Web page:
Item(s) added to shopping bag.
And we’d love to read your story! Here’s how you can submit to us:
This is the best advice we can give for finding your favourite Mills & Boon series and the one you want to write for.
Now read the writing guidelines for that series to find out exactly what we’re looking for.
The editors have written guidelines that reflect the key promises of each series but do remember there is no formula for writing a publishable romance!
One more thing… We have three acquiring offices in the company, so do make sure your submission goes to the right place!
HOW TO WRITE THE PERFECT ROMANCE!
Before you put finger to keyboard, preparation is key:
If you’d like to write for Mills & Boon, we’d expect you to enjoy reading romance fiction. If you are already a fan, this will really shine through in your writing. Know and respect your readers - choose the most recent novels and read widely across the romance market. Then target the series/genre that excites you and suits your voice.
Remember that reading is an emotional experience so write from the heart! When you put pen to paper (or finger to keyboard), do so because you have something to share with other readers.
Innovate, don't imitate! There is no formula - only a format, as with all genre fiction, which allows room for creative expression, unique writing voices and memorable characters. So throw those clichés out of the window!
Romancing the reader: why we ♥ the perfect romance I ♥ my characters: At the heart of all great romances are two strong, appealing, sympathetic and three-dimensional characters.I ♥ my conflict: Emotional, character-driven conflict is the foundation of a satisfying romance. Conflict spawns tension and excitement.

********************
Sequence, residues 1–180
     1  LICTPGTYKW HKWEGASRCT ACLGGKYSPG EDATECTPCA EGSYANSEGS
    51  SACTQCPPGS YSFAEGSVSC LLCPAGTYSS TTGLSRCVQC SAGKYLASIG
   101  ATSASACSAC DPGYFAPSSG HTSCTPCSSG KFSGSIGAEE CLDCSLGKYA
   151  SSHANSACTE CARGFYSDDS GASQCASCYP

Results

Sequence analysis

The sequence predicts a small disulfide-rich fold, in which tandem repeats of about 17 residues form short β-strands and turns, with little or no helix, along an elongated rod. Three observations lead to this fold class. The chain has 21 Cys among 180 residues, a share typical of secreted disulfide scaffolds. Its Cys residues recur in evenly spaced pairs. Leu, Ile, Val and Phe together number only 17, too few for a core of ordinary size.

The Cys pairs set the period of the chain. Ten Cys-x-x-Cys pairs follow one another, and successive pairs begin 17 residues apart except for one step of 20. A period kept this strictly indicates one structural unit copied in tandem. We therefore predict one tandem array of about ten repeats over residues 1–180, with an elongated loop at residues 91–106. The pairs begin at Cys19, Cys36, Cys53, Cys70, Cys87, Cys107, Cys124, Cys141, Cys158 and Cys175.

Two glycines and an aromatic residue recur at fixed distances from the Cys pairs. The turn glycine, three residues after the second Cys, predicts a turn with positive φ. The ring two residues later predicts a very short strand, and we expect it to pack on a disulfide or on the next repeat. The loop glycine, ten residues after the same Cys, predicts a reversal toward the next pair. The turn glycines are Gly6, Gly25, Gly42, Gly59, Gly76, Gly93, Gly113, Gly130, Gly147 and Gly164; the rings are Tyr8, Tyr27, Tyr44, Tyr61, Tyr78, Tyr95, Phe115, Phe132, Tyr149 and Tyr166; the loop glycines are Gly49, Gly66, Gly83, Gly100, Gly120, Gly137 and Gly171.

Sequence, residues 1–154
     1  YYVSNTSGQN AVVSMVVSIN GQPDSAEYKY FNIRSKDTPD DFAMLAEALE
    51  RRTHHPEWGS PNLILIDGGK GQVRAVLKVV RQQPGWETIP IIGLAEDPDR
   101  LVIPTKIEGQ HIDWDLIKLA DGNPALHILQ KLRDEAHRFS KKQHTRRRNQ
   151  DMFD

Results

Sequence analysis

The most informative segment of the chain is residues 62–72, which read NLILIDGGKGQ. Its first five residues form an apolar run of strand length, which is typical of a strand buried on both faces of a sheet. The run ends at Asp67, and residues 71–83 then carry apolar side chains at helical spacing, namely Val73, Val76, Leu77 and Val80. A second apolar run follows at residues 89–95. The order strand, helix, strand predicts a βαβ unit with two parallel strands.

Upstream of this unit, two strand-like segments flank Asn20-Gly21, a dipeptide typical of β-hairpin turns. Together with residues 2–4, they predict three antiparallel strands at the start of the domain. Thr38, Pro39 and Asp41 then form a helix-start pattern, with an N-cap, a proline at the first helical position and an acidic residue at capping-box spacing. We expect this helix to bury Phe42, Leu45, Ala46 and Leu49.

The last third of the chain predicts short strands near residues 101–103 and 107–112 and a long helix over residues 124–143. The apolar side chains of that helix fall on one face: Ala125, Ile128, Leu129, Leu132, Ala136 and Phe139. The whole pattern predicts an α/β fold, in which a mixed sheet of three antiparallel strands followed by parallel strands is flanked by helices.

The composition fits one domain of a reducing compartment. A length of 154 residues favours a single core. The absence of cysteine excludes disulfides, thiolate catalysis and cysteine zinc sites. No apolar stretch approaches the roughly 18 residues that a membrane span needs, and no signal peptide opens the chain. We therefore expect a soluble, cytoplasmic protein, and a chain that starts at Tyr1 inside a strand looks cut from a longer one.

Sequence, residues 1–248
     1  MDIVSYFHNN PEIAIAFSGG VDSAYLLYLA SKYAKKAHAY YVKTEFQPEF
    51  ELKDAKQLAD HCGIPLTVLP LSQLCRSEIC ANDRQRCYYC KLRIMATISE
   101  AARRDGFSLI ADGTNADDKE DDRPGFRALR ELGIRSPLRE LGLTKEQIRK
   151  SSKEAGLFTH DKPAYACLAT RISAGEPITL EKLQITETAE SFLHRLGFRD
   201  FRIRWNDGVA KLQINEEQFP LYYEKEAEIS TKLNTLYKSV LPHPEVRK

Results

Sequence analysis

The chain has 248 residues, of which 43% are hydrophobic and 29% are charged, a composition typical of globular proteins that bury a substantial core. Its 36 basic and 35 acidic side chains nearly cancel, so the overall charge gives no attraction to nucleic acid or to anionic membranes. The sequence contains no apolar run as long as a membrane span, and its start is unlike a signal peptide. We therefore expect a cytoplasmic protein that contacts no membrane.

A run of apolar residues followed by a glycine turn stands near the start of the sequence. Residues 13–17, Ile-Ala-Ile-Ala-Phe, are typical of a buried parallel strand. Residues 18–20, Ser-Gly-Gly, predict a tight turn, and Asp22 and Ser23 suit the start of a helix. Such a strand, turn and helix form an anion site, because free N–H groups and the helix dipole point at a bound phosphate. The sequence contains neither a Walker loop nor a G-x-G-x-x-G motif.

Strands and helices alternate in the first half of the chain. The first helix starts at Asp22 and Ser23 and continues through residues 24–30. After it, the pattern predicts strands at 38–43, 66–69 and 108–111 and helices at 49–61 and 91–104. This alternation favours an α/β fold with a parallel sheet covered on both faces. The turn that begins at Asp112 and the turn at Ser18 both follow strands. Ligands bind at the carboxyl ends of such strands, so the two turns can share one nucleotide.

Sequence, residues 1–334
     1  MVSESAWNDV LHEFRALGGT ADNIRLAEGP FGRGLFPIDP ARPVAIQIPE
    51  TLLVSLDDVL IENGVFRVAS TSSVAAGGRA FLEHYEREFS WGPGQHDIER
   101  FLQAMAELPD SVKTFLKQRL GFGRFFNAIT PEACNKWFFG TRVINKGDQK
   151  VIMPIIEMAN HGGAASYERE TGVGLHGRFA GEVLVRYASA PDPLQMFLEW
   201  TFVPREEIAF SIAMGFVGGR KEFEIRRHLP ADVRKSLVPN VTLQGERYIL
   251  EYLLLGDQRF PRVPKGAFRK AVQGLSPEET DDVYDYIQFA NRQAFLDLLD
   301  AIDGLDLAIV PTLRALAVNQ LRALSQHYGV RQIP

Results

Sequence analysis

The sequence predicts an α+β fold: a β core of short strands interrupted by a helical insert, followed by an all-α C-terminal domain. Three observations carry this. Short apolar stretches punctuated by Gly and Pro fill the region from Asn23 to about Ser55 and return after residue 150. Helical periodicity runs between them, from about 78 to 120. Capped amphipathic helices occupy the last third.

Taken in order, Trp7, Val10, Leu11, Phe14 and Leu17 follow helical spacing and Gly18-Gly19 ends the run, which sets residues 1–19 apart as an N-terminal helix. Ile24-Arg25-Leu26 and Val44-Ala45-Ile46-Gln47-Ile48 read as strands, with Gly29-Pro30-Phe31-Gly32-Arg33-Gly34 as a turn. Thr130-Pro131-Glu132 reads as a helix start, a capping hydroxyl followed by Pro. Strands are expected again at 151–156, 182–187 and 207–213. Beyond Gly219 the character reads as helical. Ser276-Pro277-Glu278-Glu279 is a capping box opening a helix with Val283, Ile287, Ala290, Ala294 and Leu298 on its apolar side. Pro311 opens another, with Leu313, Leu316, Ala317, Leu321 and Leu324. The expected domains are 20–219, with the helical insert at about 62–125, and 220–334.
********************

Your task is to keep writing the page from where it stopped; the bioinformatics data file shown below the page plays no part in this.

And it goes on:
There are two types of conflict: internal and external: Internal conflict should be the writer's main focus: defined by either character - the opposing forces within a personality, motivations and aspirations - or by an emotional situation within a relationship - for example, an unexpected pregnancy or an arranged marriage. External conflict should only be brought in as additional support to the developing romance and plot. External conflict is defined by misunderstandings, circumstances or a secondary character's influence.
Check that your conflict is believable and that it can be sustained over the course of a whole book - ideally two or three conflicts that unfold and are resolved in the course of the story work best. Conflict doesn't mean endless arguments; layer it with emotional highs and lows. All the best stories have stormy weather and sunny days.
I ♥ dialogue! It's the key tool to giving life, energy and pace to your writing. Great dialogue can propel your story; bad dialogue can grind it to a halt. Remember to keep it relevant and consistent to your characters.
I don't like secondary characters - use with caution! You're writing a romance, readers are interested in your hero and heroine so keep the focus on them.
How to keep your spirits up: We receive thousands of submissions so competition is tough. If the writing does not show potential a standard response will be sent - this is the case with most submissions.
If you do receive feedback it is intended constructively and is a vital part of the writing process. Take time to digest any criticism, then apply it to your next submission.
What we want in a nutshell.. Talented, dedicated authors who are savvy about the romance genre and its readers. Unique, fresh voices, compelling characters and innovative stories that will keep readers turning the pages!
We are now taking submissions via the online system Submittable. To submit to any of our series go to https://harlequin.submittable.com/submit where you can view the guidelines and select which series you are aiming for.
Top tips for using Submittable:
Please note the following information: